As we all know, the longer end of the Treasury yield curve has steepened markedly. Market participants became less gloomy about the economic outlook, and suddenly inflation angst took over. (It could also have to do with the Congressional Budget Office's upward revised budget projections released late in May, but that is another story.)
Mortgage rates in QE countries - the US and the UK - are rising behind government bond yields.
The chart illustrates fixed mortgage rates in the UK and the US. Both the UK and the US saw a drop in mortgage rates amid new quantitative easing policies (buying government bonds directly). However, both countries are likewise seeing rates rise amid less-horrible economic news, and a more benign outlook.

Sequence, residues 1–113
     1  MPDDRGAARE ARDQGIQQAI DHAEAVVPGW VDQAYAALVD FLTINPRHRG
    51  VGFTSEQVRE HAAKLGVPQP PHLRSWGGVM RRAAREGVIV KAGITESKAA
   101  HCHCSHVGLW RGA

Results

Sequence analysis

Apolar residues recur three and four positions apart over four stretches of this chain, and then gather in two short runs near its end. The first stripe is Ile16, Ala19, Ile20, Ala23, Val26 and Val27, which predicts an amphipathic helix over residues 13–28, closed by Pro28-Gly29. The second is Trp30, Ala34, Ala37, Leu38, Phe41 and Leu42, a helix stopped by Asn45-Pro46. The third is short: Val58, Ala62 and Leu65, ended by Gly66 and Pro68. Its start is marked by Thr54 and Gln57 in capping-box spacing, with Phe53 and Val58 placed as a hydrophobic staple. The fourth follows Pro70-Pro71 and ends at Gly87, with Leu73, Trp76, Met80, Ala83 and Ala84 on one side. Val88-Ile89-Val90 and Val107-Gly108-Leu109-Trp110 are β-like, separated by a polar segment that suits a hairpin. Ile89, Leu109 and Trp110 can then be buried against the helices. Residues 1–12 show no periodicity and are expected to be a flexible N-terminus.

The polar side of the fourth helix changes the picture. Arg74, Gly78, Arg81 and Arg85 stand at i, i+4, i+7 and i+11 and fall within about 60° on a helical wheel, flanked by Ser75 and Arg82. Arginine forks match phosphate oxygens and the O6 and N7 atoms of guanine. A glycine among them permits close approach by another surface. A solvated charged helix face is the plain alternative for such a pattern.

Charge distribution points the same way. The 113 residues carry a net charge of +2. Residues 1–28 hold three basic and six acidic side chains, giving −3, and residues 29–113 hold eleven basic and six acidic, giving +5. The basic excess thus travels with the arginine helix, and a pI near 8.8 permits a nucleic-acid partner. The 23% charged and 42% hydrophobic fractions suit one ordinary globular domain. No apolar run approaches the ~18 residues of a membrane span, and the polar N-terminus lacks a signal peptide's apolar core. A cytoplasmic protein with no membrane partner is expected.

In some sense, it is good that the markets are pricing in inflation on an economic recovery. However, for potential homebuyers, they just lost potential homebuying power, with US mortgage rates rising an average of 50 basis from May's average to June's month to date average (see the date here). On Friday, Treasuries closed 9 basis down to 3.81%. And I imagine that the market got a little ahead of itself: Treasury yields at the longer end of the curve will fall.
However, the rising cost of borrowing to potential homebuyers is troubling, given the state of the housing market. The good news: markets are "healthy" enough to internalize the impact of rising mortgage rates. The bad news: prices will likely fall further on rising mortgage rates in order to stabilize affordability. The borrowing cost is the primary determinant of the "price of a home" rather than the actual price of the asset. If mortgage rates remain elevated, the term of the housing recovery likely gets pushed out.